It's dangerous to make assumptions about the person you’re dating. At some point you need to have in-depth conversations about finances, family, personal values and beliefs, faith, and other important topics to see if there are anything that you can't live with. Yet I’ll often see women who marry widowers or have been dating a widower for years who don't have or refuse to have these conversations and end up with nasty surprises years down the road.
For example, I recently received an email from a woman who’s only been married to a widower three months. She dated the man for two years and during that time assumed he was financially secure. Yet it wasn’t until after they were married that she realized the widower had blown through the late wife’s life insurance policy and had racked up over $100,000 in consumer debt on various credit cards. When they were dating they never discussed money or finances. She just assumed his job paid well enough to support that lifestyle and now finds herself in the unfortunate situation of being married to someone with a spending problem and having to use her own hard-earned savings to pay off the debt.
I felt bad for the woman but wondered how she had dated someone so long without knowing anything about his true financial situation. Then I remembered I got a similar shock early in my marriage with the late wife. About four months into our marriage the late wife thought she might be pregnant. It turned out to be a false alarm but that started a conversation about how many kids we wanted and when we wanted to start a family. It was a conversation we never had before that moment. Much to my surprise the late wife said she only wanted to have one or two kids.
I was shocked. Because we shared very similar religious and cultural backgrounds I had always assumed that the late wife wanted a large family. In the two years we dated it never occurred to me to ask if she wanted something different. When she said she wanted a small family, I was literally speechless. It took a couple of days before I was able to pick the conversation back up and talk about the reasons she felt the way she did.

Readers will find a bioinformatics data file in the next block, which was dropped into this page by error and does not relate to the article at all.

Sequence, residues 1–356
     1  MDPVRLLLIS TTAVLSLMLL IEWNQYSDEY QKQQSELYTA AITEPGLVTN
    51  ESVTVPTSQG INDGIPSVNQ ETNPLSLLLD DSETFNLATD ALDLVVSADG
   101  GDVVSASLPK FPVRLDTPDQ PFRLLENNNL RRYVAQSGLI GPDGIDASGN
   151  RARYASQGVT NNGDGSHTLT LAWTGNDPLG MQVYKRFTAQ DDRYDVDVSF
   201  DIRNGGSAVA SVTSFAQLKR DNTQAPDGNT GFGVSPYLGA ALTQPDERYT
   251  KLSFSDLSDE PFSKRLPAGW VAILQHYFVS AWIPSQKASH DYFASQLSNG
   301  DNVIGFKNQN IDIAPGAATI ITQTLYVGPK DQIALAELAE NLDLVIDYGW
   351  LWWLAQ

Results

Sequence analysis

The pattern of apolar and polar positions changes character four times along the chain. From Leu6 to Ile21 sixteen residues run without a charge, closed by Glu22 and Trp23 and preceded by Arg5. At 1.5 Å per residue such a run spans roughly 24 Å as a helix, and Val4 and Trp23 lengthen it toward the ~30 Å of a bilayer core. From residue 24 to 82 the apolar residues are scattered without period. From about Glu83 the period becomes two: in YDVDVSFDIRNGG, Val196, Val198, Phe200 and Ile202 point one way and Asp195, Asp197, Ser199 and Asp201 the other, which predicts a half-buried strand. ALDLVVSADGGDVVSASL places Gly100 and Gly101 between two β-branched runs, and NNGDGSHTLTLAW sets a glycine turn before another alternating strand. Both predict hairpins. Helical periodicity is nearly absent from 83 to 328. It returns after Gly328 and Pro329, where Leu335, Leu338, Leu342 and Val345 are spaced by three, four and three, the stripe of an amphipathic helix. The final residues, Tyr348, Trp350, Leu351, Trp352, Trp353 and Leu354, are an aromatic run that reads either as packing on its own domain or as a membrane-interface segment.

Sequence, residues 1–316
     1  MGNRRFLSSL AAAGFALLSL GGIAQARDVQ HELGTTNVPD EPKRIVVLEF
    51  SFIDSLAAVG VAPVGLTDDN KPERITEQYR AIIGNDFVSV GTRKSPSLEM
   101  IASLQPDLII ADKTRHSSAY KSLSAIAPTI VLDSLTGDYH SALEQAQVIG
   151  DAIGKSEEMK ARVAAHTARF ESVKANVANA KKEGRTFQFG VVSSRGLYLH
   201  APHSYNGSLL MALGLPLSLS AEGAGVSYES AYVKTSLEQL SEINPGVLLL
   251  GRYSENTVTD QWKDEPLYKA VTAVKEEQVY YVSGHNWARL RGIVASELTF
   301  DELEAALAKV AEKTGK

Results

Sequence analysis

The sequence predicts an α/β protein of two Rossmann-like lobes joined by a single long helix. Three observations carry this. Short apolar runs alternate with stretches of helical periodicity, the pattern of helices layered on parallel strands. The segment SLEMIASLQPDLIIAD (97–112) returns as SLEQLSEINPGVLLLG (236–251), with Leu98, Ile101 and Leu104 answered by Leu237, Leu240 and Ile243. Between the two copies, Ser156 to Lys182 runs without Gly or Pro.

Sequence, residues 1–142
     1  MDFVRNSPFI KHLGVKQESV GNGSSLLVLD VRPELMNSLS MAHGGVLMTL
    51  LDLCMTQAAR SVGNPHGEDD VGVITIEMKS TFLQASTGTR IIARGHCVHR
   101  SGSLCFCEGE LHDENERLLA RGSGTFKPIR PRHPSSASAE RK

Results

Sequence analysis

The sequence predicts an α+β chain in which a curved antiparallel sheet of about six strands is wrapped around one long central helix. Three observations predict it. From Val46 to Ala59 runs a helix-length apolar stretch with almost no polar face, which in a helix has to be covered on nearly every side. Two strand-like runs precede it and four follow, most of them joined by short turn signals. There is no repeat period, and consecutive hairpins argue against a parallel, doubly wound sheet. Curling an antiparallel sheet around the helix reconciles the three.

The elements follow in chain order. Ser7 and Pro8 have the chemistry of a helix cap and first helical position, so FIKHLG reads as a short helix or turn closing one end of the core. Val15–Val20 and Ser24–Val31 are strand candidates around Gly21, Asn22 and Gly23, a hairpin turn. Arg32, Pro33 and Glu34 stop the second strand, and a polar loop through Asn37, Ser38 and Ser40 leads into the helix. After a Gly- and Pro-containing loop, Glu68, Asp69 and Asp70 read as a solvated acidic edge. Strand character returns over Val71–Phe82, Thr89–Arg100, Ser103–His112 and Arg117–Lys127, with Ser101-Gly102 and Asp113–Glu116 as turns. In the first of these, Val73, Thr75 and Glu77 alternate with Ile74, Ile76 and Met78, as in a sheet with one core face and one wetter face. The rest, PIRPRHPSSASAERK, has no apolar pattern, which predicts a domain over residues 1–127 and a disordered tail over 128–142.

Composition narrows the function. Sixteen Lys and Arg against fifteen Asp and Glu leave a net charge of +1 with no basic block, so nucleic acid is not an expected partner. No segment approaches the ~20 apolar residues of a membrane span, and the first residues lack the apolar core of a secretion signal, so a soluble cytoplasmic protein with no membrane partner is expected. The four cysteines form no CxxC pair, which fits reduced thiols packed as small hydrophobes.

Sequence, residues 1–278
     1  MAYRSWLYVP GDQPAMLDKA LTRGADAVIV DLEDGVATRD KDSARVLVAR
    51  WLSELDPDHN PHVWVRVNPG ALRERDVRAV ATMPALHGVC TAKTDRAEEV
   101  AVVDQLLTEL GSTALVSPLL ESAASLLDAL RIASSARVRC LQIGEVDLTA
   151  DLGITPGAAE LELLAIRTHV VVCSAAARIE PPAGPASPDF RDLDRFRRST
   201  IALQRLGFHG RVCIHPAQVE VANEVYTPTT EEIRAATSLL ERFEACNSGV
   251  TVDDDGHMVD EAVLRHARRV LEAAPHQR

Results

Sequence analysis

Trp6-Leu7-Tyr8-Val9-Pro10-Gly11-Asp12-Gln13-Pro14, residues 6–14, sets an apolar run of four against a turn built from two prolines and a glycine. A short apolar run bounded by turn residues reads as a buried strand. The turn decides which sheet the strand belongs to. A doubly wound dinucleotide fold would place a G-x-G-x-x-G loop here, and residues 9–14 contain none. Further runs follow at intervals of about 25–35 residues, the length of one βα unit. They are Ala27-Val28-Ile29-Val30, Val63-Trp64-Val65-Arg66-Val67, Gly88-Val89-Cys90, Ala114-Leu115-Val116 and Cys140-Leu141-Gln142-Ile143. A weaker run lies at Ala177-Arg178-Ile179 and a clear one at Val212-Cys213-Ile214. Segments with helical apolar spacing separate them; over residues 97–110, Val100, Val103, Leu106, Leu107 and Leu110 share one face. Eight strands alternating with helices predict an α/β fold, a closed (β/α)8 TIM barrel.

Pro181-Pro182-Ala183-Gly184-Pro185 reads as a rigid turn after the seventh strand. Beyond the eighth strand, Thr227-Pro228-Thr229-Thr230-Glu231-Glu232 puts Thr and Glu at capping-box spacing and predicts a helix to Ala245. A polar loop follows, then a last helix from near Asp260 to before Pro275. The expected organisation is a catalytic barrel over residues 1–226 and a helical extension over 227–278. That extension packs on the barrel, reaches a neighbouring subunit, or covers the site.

The fact she wanted a small family wasn’t a deal breaker. We still had a good marriage and I hoped that maybe after a child or two that perhaps she’d want a third. However, I was kicking myself for not having this conversation early in our relationship. I still would have married the late wife had I known early on about her family preferences but it would have helped me set expectations of what our future family would look like and avoided some difficult moments early in our marriage.
It’s a mistake I didn’t make the second time around. After Marathon Girl and I realized that we had a long-term future together, we had an in-depth conversation about when we wanted to start a family and how many kids we wanted to have. There was no way I was going to get surprised again. We also had detailed conversations about finances, religion, and lots of other personal topics. At first these conversations were difficult to have because I didn’t want to consider the possibility that there might be a deal breaker lurking out there somewhere. I wanted to spend the rest of my life with Marathon Girl and didn’t want an ugly truth getting in the way of a life together. But based on my past experience I didn’t want any surprises after we were married. I knew that it was better to find out these things early on and decide whether or not I could live with them then find out later.
Whether you’re new to a relationship with a widower or dating one for a long time, it’s never too late to have these kinds of conversations. The sooner you have them the better. If you have doubts about what the widower tells you, don’t be afraid to verify what he says is true. Make sure his actions back up what he says. Don’t let fear stop you from having them because it’s better to find out now than later.
As for the woman who discovered the truth about her husband’s financial situation, the latest update email I received from her is that she doesn’t know if the marriage is going to last. Her husband got defensive when she brought up the debt. They’re going to marriage counseling and she’s willing to help pay off the debts and work on the marriage but only on the condition that he changes his spending habits. Right now she doesn’t know if that’s going to happen.
She’s learning her lesson the hard way. I hope its pain and heartache everyone else can avoid.